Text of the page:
The tit-for-tat trade dispute has intensified overnight. Donald Trump commented that it might almost be better if the Chinese trade deal came after the election, which implies another year of the status quo. It probably doesn’t help that he must pass a bill sanctioning Chinese government officials for the repression of the Uighurs Muslims in Xinjiang. The previous bill - supporting the democratic rights of the Hong Kong protestors - drew Chinese criticism but appeared to remain separate from trade issues. This escalation seems different in that the continuous stream of comments seem to stem from a lack of progress in talks. Looking at the Fed Fund Futures contracts expiring next December, we can see they are yielding about 33bp lower than the effective policy rate. This implies the Fed will cut by 25bps in 2020 and there is a 30% probability of a second cut by the end of the year.
Contrary to expectation, both EU and UK Services Purchasing Manager Index data surprised to the upside this morning. In the EU this means expansion, while the UK is still in contractionary territory. From that standpoint, the Sterling appreciation we’ve witnessed over the past couple days is counterintuitive. Some ascribe this rally to a marginal increase in the chance of a Tory Majority, while others put it down to market technicals. Specifically, it has been suggested that those who have been Shorting Sterling are trying to close out their positions (by buying the Pound) and encountering low liquidity heading into the election. This is entirely plausible and at the same time completely unverifiable.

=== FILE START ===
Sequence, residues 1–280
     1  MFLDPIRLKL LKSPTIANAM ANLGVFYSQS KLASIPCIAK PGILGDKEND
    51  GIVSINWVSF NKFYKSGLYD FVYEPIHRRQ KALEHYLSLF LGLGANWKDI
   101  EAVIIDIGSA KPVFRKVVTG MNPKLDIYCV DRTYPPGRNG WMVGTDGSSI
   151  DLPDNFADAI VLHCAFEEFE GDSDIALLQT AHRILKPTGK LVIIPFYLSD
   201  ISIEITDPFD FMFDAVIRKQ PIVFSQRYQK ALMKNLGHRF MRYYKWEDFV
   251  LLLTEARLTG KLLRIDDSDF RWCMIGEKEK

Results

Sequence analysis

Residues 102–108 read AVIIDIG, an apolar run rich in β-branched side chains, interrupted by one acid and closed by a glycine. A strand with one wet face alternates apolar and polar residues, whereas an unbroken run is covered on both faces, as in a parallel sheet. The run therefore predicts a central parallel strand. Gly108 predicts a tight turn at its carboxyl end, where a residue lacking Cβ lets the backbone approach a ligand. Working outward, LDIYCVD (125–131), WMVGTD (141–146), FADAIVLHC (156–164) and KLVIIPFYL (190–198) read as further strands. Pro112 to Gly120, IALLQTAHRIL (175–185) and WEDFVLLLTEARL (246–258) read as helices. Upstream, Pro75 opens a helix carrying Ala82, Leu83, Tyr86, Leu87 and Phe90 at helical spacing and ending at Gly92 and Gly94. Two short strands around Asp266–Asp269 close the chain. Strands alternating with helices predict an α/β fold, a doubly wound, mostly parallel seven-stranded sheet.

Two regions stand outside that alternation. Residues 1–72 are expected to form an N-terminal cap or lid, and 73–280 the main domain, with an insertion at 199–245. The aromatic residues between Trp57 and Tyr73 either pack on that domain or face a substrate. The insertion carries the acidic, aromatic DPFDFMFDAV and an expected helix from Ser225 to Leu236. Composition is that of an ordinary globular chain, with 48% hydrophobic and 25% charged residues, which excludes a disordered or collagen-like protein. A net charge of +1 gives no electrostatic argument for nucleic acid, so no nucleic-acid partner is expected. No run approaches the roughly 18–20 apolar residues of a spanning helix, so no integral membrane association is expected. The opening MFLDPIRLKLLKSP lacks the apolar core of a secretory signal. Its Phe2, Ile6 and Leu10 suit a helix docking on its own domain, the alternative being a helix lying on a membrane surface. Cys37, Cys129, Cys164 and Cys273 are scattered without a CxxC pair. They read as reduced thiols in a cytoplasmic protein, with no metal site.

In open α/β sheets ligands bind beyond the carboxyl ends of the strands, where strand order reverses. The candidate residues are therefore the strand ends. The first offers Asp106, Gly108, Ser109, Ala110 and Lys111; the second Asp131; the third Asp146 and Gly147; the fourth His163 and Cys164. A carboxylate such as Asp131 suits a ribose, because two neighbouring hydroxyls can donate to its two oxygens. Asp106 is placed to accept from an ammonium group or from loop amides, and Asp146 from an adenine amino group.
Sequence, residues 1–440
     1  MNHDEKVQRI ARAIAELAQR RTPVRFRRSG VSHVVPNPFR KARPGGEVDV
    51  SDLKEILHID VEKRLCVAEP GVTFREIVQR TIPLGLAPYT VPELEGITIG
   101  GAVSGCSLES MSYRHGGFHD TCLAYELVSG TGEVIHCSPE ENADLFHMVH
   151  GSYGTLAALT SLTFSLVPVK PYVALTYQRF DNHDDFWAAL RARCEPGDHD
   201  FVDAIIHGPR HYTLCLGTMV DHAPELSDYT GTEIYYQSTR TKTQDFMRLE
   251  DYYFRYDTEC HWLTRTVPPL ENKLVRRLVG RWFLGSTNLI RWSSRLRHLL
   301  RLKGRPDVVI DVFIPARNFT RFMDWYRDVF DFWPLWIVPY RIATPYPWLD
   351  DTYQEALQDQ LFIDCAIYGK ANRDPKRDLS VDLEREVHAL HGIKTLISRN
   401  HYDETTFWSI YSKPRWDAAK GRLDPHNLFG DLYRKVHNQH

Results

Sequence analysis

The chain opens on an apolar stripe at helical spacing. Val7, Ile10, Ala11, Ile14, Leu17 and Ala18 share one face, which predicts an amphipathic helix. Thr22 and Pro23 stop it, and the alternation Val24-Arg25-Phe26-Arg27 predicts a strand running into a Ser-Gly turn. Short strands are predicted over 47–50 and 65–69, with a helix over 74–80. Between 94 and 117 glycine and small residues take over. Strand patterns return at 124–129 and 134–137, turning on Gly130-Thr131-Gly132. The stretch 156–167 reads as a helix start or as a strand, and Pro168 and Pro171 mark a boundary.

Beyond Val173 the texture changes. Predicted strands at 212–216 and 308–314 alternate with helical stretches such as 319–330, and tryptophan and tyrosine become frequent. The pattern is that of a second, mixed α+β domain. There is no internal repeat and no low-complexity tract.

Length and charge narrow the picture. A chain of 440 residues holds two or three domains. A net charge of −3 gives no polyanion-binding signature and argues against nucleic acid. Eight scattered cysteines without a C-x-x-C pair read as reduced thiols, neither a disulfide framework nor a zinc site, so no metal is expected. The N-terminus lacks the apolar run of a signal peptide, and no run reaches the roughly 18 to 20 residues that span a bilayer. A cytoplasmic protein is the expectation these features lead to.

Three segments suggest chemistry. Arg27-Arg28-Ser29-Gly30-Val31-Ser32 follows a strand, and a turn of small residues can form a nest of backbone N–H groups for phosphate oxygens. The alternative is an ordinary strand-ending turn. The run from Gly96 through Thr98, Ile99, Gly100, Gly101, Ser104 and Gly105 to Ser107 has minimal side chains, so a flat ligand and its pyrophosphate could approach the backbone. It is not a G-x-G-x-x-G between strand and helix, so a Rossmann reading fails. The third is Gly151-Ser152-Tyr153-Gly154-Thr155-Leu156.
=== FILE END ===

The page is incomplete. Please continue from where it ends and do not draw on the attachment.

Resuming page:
Bottom Line: Given the rather unusual move in USD that we noted yesterday, we prefer to watch the Pound rather than draw a conclusion at this stage. For the time being, a strange dynamic is prevailing where increasing risk to global growth is weakening the Greenback and strengthening the Pound. Stay tuned...
After a slow grind higher during yesterday’s trading, Sterling was off to the races this morning, breaking through recent resistance at the 1.30 level against the Greenback. Positive polling data for the Conservatives and Trump’s refusal to weigh in on the UK election have proved to be a catalyst for this morning’s move. Broad US Dollar weakness has also contributed, and we’ll be watching to see if this theme continues throughout today.
This morning’s Sterling move has brought the pair to the brink of March’s high of 1.1803. Any move through this level would open the pair up to a new trading range, not seen since 2017. We’ll be watching for further positive election headlines to support this move and with GBP liquidity thin in the lead up to the election, we expect pronounced volatility in the short-term.
Despite Dollar weakness over the past few days, the common currency is still trading below the 1.11 interbank level against the Greenback. The market sentiment is tilted towards risk-off as hopes for an imminent US-China trade deal fade. Top tier US data is due out later, in the form of ADP non-farm employment change, followed by ISM Non-manufacturing PMI.